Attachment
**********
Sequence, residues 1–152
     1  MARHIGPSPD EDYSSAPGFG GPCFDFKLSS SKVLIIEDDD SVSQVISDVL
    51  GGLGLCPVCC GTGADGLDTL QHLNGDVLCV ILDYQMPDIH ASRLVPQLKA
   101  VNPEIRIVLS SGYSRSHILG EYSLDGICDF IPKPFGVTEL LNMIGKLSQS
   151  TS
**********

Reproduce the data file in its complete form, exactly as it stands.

Sequence, residues 1–152
     1  MARHIGPSPD EDYSSAPGFG GPCFDFKLSS SKVLIIEDDD SVSQVISDVL
    51  GGLGLCPVCC GTGADGLDTL QHLNGDVLCV ILDYQMPDIH ASRLVPQLKA
   101  VNPEIRIVLS SGYSRSHILG EYSLDGICDF IPKPFGVTEL LNMIGKLSQS
   151  TS